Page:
• Shown Their Work:
    • FEATHERED DINOSAURS. All the dinosaurs that logically should have feathers, have feathers and said feathers are accurately positioned on the raptors. The feathers are also brightly colored, as opposed to the common "Real Is Brown" tendency that plagues even feathered dinosaurs sometimes. Science Marches On for the fluffy Rex however, as it was discovered later that T. rex was only partly feathered and its undersides were bare and scaly. Or given its size, it's entirely possible that T. Rex was almost entirely scaly, save for some sparse fuzz on the neck and back.
    • The Tyrannosaurus rex also has a chunky, birdlike body plan, avoiding the problem of "shrink-wrapping" that's fairly common with dinosaur portrayals.
    • While the pterosaurs are a fictional species (labeled as "Pteradons" and looking sort of like toothy Pteranodon with rhamphorhynchoid-tails scaled up to azhdarchid size), they have pycnofibres (a type of fur known only to occur in pterosaurs) and launch by vaulting quadrupedally with their wings.
  • Stock Dinosaurs: Raptors, Tyrannosaurus rex, Iguanodon, Stegosaurus, Triceratops, Parasaurolophus, Brachiosaurus, and Pachycephalosaurus all appear in the movie.
  • Teen Genius: Lucas is a middle school math and science genius, and Kate is a high school dinosaur and plant expert from the 1950s, as well as a survivalist. Both kids' skills are naturally needed to escape the island.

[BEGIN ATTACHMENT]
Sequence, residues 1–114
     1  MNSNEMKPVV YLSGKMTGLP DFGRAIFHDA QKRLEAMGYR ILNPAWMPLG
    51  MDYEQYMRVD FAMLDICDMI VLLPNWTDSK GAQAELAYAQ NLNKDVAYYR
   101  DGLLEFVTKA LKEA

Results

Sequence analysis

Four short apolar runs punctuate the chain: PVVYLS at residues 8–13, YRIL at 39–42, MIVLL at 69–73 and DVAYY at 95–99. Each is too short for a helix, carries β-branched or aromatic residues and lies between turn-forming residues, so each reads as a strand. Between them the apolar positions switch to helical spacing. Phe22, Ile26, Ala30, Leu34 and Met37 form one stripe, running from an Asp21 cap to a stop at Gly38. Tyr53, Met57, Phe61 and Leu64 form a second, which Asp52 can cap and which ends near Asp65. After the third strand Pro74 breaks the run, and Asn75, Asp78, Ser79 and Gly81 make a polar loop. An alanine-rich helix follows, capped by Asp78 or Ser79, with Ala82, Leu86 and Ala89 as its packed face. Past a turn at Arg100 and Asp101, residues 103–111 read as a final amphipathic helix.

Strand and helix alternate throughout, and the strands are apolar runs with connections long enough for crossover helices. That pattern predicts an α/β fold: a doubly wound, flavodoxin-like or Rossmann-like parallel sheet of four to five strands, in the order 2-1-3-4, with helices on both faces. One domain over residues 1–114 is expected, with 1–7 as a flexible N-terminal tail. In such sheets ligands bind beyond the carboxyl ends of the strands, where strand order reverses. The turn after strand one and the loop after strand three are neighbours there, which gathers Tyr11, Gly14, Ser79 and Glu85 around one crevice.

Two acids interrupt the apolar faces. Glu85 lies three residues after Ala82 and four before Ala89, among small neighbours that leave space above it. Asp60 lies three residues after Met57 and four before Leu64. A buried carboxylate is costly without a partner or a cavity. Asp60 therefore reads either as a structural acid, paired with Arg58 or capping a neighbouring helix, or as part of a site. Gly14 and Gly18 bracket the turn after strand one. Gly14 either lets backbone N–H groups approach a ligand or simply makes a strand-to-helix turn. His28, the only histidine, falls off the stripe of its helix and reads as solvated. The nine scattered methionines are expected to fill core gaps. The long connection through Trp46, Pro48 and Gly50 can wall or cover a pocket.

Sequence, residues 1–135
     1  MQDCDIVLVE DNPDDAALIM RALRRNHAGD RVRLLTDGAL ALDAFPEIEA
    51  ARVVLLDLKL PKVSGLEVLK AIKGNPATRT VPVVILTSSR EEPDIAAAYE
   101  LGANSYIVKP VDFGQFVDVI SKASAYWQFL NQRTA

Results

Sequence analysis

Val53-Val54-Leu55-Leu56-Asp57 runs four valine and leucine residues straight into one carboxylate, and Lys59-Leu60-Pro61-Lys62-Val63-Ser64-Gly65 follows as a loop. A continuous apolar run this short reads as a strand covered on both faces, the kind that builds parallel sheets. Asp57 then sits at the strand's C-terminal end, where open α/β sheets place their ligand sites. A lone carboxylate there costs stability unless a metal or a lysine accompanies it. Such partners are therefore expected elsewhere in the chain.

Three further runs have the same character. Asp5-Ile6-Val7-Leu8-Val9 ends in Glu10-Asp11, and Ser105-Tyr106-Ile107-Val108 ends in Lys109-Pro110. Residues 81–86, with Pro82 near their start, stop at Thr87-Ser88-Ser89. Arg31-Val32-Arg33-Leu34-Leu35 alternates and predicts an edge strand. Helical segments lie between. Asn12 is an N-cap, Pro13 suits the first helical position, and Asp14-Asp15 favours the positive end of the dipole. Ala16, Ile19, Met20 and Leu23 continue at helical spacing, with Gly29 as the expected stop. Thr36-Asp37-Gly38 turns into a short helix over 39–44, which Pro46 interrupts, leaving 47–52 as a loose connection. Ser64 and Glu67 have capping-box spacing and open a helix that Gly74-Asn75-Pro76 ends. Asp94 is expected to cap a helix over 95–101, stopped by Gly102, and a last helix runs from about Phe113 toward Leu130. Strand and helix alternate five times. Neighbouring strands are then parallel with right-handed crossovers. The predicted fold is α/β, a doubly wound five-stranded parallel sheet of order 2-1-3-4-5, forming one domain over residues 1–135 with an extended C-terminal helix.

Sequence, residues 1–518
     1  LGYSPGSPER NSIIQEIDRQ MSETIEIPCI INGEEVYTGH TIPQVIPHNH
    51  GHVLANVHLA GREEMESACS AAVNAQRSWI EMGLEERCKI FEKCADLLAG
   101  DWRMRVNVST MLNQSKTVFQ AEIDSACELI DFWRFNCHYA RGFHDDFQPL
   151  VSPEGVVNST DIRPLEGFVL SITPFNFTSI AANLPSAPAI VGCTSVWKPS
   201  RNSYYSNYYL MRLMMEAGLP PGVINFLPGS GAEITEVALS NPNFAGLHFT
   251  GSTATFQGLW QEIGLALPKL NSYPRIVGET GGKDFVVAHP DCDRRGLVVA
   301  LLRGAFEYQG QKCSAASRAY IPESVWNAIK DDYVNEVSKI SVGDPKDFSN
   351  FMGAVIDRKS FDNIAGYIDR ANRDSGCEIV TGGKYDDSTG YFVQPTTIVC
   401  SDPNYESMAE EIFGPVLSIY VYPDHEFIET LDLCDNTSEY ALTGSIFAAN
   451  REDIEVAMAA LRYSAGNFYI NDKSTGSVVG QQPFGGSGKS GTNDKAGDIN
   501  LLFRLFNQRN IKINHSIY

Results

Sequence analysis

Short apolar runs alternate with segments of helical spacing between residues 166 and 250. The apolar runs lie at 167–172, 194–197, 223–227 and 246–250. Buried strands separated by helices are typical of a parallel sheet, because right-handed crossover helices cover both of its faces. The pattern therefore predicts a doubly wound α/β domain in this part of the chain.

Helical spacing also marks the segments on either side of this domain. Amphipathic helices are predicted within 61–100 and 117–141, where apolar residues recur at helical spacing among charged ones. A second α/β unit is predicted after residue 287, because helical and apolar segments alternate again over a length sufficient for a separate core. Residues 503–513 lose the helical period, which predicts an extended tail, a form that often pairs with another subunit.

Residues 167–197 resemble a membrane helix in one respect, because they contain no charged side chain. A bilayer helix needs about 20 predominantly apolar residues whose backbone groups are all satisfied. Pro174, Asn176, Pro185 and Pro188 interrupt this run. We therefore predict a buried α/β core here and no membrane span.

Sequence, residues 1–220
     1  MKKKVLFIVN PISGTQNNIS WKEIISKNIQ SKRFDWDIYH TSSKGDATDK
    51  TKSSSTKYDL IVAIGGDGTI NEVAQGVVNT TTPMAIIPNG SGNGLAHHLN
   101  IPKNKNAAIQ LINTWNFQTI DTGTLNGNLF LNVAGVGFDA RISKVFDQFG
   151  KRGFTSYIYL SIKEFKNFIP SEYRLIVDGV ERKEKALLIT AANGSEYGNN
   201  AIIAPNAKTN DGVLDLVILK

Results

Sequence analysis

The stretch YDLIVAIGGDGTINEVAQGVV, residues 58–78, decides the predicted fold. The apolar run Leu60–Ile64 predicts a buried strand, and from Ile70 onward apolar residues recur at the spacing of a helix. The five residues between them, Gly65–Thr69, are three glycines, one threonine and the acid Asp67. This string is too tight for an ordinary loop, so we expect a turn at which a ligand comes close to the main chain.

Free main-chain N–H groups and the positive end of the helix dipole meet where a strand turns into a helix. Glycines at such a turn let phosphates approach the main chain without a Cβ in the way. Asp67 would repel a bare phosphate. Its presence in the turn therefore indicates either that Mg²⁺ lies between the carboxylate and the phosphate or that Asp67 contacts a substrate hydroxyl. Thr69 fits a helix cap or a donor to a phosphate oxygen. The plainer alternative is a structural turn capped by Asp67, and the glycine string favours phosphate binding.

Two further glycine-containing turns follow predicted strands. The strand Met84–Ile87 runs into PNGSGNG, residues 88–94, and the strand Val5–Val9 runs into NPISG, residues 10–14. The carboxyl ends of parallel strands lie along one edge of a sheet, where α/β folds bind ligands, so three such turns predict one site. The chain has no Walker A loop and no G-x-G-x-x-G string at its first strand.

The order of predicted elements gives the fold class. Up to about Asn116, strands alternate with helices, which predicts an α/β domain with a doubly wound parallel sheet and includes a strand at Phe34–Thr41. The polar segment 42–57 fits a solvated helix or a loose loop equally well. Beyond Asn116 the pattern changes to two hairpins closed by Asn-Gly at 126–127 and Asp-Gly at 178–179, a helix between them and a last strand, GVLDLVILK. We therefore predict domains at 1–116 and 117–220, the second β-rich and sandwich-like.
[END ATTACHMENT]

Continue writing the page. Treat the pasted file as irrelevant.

• Wacky Wayside Tribe: The African tribal boys. They seem to come out of nowhere and do play a big role in a sideplot.
  • We Need a Distraction: To escape the tribal boys, Lucas lets loose a bunch of dinosaurs in cages.
  • What Happened to the Mouse?:
    • When the kids escape the prison, the prisoner inside who told them the secret of the magic crystals is left behind. We even see him again shortly after their escape.
    • While Lucas was transported magically to the island by the lightning storm that struck his airplane, what happened to the rest of the people inside? Or the other planes? The movie never explains.
  • Wrong Genre Savvy: When confronted by the tyrannosaur, Lucas immediately explains that it can't see them if they don't move. Kate quickly shoots back how idiotic that is. Sure enough, it can see them just fine.